According to Moseley, one way Brahms compensated for his failing dexterity was by using his voice. Early on, his playing had been accompanied by “a gentle humming” that in later years became, in composer Ethel Smyth’s words, a “muffled roar, as of Titans stirred to sympathy in the bowels of the earth.” Ferdinand Schumann described “a sort of gasping, grumbling, or snoring that was audible as far back as the tenth row” while Brahms biographer Max Kalbeck heard a “growling, whining, and moaning, which at the height of musical climax changed into a loud howling.”
What a thought — Brahms capping the cadenza at the end of the D minor adagio with a howl.
On a piece of scrap paper on my desk, it says “18:42 SMILE!” I jotted that down the day I spent close to a YouTube hour watching, completely fascinated, Hélène Grimaud’s performance of the D Minor Concerto with the Baden-Baden/Freiburg symphony orchestra conducted by Michael Gielen. Grimaud’s smile comes two minutes before the rousing climax of the adagio. This sudden helpless show of delight may signify a sweet spot in the emotional “ebb and flow” between composer and pianist.
And as you watch that brilliantly filmed video, you’ll see that Grimaud, not unlike Brahms, is mouthing the sounds she’s making, singing silently along, or so it seems. For someone so intensely physically into playing a composer whose notes are part of her nature, she surely knows about his penchant for creative misbehavior at the keyboard, his rough edges, his denial of mere virtuosity. In the liner notes to the anthology Portrait of the Artist, Grimaud describes her “quest for spontaneity,” and her willingness to take risks: “It’s not comfortable, but being comfortable was never the idea. You’re there to generate emotion and to produce something that, ideally, should sound as if it’s being written while you hear it.”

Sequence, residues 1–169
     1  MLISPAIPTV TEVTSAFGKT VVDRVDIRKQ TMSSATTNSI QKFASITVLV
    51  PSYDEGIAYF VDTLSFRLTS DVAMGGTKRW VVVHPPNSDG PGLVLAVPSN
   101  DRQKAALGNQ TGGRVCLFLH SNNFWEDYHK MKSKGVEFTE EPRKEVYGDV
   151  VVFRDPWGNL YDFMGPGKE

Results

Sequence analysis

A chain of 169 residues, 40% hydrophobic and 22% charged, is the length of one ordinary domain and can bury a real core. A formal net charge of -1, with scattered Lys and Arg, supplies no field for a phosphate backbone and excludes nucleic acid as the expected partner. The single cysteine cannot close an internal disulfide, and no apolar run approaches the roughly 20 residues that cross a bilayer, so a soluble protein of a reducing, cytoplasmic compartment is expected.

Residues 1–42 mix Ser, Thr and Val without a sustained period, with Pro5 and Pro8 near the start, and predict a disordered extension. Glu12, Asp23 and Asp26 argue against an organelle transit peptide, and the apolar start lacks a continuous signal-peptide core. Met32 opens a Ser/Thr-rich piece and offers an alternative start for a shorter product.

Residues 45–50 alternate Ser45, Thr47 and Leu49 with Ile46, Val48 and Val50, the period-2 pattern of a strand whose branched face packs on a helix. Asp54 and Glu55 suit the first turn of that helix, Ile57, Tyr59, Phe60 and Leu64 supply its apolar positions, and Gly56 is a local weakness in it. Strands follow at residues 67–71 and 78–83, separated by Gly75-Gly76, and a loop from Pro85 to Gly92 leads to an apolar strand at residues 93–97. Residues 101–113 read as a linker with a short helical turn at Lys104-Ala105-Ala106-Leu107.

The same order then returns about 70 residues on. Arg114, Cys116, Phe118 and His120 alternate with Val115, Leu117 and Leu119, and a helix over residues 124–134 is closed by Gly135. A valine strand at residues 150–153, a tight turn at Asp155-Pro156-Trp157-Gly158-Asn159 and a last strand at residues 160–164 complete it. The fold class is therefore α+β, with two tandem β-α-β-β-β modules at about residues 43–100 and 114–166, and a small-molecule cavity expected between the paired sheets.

In fact, one critic said of Brahms that he plays as if the pencil were still in his hand (“he draws … in outlines, but in great outlines”). I’m reminded of Flannery O’Connor’s explanation for the extremes in her fiction: “To the hard of hearing you shout, and for the almost blind you draw large and startling figures.”
Brahms and Ragtime
In his centennial biography The Unknown Brahms (1933), Robert Haven Schauffler quotes Arthur Abell, an American violinist, who spoke with Brahms a year before he died: “He asked me whether I played the banjo. ‘No,’ I replied. ‘Why?’ ‘Because at [the cellist Julius] Klengel’s I met an American girl who played for me, on that curious instrument, a sort of music which she called Ragtime. Do you know this?’” And Brahms hummed “the well known tune which goes ‘If you refuse me,/Honey, you lose me.’ ‘Well,’ the Master continued, with a far-away look in his eyes, ‘I thought I would use, not the stupid tunes, but the interesting rhythms of this Ragtime. But I do not know whether I shall ever get around to it.’”